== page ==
Where I was Last Weekend…

B-17 In Flight – at the Great American Airshow.

The first big airshow in two years, at Randolph AFB. Part of the air show included a sort-of-recreation of the attack on Pearl Harbor, with accompanying pyrotechnics. My camera was giving me fits, so I managed to capture some interesting shots with my cellphone. There may have been half a million people coming to the airbase for the show, which included static display aircraft and ground support vehicles from the Army, and the Budweiser Clydesdales and their wagon of beer too. What would the military do without beer! There must have been at least that many people watching the air show from verges, parking lots, open spaces and yards around the edges, too. (More here, from the Express News – their photographer had a much better camera than mine…)
Additional note – <Looks like FaceBook has disappeared that post – I put the pictures on my own website, instead.)

12 thoughts on “Where I was Last Weekend…”

  1. Sorry, there’s a wall at the link. Love me some airshow, but have missed the last few around here. (One of my ambitions is to make another trip to Old Rhinebeck someday.)

    Many years ago one of the aircraft on display here was a B-25. Not sure what model, but that was what my father flew and as I stuck my head through the hatch I wondered how the hell he fit in. I’m 6’1″ and he was several inches taller (but not as bulky).

    One of my friends paid $400 for a flight in a B-17 a few years ago. I’m not sure I’d do that–the older I get the less I like air travel.

  2. It’s always amazing to put yourself into actual WWII aircraft, ships, and other equipment. The stuff often seems like it was built for kids, from our perspective.

    Of course, there’s a lot of modern stuff that’s the same–Go try to lever yourself, fully-kitted, in and out of an uparmor HMMVW as an average-sized adult male. I’m not sure what design criteria they used, but whatever it was, it wasn’t reality-based for about the upper half of the body size range, these days.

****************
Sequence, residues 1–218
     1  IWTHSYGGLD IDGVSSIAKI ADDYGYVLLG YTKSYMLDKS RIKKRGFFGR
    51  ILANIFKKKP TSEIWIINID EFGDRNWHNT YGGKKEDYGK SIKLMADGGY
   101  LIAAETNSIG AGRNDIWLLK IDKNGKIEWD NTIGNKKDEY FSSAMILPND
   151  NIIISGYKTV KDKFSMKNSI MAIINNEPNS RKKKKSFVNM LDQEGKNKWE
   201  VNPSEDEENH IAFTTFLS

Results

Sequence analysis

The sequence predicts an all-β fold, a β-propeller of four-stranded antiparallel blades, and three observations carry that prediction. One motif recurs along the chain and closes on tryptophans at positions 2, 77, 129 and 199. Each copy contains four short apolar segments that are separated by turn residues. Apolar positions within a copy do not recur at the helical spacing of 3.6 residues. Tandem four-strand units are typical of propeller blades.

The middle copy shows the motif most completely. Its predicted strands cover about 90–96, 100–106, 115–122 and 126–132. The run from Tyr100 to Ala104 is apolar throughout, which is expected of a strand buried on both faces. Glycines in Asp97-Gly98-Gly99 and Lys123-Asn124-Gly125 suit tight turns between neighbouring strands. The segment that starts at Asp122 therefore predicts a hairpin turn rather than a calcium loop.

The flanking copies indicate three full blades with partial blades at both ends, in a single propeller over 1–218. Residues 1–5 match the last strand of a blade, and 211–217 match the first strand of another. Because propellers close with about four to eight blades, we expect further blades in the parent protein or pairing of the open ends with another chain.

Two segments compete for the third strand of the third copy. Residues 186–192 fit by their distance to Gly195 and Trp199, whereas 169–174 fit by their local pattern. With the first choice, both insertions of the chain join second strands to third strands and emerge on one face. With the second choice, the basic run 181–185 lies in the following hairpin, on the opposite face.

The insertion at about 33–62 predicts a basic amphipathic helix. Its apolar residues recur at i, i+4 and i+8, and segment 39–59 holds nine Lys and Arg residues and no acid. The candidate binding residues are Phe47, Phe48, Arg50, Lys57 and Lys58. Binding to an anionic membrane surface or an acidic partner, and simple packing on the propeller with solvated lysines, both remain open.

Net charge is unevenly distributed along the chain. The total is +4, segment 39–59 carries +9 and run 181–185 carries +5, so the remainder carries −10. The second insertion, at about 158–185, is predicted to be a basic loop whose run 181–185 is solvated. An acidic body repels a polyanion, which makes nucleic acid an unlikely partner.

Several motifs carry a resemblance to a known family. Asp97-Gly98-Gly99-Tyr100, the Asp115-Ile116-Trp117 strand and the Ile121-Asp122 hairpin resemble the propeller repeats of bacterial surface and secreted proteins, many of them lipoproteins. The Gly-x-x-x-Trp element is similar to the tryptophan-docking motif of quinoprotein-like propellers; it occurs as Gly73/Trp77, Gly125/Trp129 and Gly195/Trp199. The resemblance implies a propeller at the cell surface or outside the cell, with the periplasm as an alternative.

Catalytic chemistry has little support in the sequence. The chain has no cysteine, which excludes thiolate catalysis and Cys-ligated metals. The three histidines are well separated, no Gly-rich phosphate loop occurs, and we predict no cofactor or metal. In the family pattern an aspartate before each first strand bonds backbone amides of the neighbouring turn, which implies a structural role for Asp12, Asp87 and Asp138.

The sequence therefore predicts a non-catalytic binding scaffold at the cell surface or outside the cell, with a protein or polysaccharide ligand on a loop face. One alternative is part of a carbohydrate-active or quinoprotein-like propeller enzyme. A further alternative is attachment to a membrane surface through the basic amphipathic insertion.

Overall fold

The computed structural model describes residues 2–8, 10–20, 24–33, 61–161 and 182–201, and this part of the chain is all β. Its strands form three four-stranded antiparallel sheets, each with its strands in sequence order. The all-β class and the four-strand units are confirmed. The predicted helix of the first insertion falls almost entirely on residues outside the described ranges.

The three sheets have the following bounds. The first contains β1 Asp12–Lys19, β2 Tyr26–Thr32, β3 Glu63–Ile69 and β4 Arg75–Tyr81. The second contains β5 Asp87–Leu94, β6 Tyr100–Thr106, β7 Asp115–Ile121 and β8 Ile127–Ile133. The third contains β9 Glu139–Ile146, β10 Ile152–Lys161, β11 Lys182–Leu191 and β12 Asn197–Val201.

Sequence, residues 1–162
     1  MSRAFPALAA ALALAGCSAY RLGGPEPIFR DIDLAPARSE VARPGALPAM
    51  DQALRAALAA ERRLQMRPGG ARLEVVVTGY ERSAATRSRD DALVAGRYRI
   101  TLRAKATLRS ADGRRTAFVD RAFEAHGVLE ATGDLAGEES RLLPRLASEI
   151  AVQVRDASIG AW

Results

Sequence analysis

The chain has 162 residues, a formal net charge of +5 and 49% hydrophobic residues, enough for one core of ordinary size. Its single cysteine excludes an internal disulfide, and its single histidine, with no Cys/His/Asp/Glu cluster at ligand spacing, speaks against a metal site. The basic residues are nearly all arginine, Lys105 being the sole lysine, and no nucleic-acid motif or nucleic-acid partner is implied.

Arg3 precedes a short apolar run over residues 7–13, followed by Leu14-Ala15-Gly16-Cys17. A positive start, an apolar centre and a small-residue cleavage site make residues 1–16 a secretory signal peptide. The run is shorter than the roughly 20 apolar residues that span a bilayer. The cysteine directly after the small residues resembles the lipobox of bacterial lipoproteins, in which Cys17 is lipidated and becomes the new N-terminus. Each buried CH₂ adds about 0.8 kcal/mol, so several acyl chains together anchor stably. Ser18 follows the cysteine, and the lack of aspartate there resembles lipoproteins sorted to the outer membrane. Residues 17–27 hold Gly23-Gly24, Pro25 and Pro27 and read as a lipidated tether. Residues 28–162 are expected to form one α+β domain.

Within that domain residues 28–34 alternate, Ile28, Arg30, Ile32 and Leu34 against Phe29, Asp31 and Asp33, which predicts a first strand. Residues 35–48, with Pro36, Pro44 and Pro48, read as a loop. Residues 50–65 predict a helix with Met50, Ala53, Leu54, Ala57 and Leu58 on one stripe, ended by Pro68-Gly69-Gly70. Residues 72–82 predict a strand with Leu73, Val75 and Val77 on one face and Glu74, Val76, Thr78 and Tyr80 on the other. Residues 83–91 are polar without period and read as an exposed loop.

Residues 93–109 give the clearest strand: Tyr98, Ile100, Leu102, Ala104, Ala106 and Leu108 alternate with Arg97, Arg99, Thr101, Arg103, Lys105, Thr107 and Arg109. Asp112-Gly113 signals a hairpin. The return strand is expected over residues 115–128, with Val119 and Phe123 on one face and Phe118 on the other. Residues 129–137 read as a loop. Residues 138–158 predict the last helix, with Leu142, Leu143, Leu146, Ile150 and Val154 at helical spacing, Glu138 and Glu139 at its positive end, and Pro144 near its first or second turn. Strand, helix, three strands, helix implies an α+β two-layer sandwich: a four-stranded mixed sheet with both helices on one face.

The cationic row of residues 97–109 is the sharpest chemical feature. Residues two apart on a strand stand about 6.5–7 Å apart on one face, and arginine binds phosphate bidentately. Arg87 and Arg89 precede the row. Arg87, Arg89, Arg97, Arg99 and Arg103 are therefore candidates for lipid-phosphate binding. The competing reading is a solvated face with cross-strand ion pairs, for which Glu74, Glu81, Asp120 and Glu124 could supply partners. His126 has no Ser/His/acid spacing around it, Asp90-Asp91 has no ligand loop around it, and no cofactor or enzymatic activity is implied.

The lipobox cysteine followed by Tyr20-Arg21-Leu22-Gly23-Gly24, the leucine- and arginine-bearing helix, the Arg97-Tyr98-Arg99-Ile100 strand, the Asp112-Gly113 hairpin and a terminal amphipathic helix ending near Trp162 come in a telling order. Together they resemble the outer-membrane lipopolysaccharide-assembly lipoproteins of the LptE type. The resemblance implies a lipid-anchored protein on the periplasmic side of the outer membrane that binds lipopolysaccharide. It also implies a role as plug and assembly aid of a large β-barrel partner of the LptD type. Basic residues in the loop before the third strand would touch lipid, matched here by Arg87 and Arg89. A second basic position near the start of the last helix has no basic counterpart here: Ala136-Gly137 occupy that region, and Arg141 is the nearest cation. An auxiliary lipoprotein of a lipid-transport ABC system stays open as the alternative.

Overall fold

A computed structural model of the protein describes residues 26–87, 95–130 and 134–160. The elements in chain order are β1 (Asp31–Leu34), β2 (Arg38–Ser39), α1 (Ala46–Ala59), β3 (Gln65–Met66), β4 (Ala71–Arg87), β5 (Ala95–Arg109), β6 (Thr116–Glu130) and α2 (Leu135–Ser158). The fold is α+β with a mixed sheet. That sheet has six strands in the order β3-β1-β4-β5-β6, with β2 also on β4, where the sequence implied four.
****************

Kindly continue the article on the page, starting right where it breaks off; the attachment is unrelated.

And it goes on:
We had someone donate a bunch of authentic WWI/WWII uniforms to a ceremonial effort. We had the devil’s own time trying to find guys small enough to fit, and I’m not talking waist size alone, either–Height, shoulders, musculature, all of it. The uniform sets were all “average size range” from those days, and it just wasn’t easy to find anyone suitable. What wound up happening with the uniforms was that they eventually went out and borrowed a bunch of reproductions from re-enactors, and that was all they could do.

  3. A good few years ago, Kirk, I toured a static display B-17 at Hill AFB, and I was astounded at how small and cramped it was. The bomb bay was about the size of a small pickup truck bed, and that narrow catwalk through it … (shivers in horror…) It did answer a question for me, about how many of the shots in the 1990 movie Memphis Belle duplicated so many shots of the crew in flight from the 1944 Wyler documentary … it was because those were the only decent camera angles that could be made inside the AC.
    IIRC one of my anthropology courses (or maybe it was a history class IDR) it was mentioned that Japanese schools in the post-war years had to get bigger desks and chairs for school students, because the better nutrition after the war allowed the children to better fulfill their potential for height. It has probably been the same for the US, to a less-noticeable extent; better nutrition, especially more protein allowed more people to get to their full height potential – not stunted by deprivation. Not fatter (which has been the case for too many) but just bigger all the way around.

  4. I don’t think that ergonomics was used much for aircraft design back then, the humans were supposed to accommodate the machinery. Fighter pilots had a hard upper limit on height. The Russians specially selected tank crewmen for small stature, especially loaders. My dad flew in B-17’s though mostly as camera ships and he wasn’t small, about 6′-3″, he must have been a lot more flexible than I remember him. I think the ball turret gunners were required to be not much over 5′.

  5. The Memphis Belle was still on a concrete stand at the National Guard Armory here when I was a kid (b. 1953). By that time it wasn’t open to visitors–after there was nothing left to steal. I was involved on the margins in the local effort to keep it here and care for it properly, but it is better off at Wright-Pat. Saw it there in ’18 and it looked great. (I knew Miss Polk in her old age too, and met Col. Morgan once briefly.)

    My mother’s brother was a radioman/gunner on a B-24, and he was probably not much smaller than me in his prime.

    Ergonomics per se wasn’t a priority, but to this day Western tanks are roomier and more comfortable than Sov or Russian designs–hence their short tankers.